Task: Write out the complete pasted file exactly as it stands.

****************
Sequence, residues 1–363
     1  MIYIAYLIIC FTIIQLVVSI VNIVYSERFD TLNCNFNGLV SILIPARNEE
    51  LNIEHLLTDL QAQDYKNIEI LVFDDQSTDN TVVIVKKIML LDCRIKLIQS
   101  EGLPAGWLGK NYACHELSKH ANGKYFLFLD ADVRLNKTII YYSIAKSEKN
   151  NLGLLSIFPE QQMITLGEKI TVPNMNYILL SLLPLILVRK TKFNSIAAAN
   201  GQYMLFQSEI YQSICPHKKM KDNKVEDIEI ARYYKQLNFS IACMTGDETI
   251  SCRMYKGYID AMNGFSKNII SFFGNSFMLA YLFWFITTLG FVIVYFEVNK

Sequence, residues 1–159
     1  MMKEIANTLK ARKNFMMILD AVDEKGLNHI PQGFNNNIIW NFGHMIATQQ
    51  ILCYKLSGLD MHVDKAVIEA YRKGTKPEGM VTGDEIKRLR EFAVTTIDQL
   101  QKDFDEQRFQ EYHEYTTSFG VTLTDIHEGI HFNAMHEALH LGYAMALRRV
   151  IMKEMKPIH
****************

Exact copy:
Sequence, residues 1–363
     1  MIYIAYLIIC FTIIQLVVSI VNIVYSERFD TLNCNFNGLV SILIPARNEE
    51  LNIEHLLTDL QAQDYKNIEI LVFDDQSTDN TVVIVKKIML LDCRIKLIQS
   101  EGLPAGWLGK NYACHELSKH ANGKYFLFLD ADVRLNKTII YYSIAKSEKN
   151  NLGLLSIFPE QQMITLGEKI TVPNMNYILL SLLPLILVRK TKFNSIAAAN
   201  GQYMLFQSEI YQSICPHKKM KDNKVEDIEI ARYYKQLNFS IACMTGDETI
   251  SCRMYKGYID AMNGFSKNII SFFGNSFMLA YLFWFITTLG FVIVYFEVNK

Sequence, residues 1–159
     1  MMKEIANTLK ARKNFMMILD AVDEKGLNHI PQGFNNNIIW NFGHMIATQQ
    51  ILCYKLSGLD MHVDKAVIEA YRKGTKPEGM VTGDEIKRLR EFAVTTIDQL
   101  QKDFDEQRFQ EYHEYTTSFG VTLTDIHEGI HFNAMHEALH LGYAMALRRV
   151  IMKEMKPIH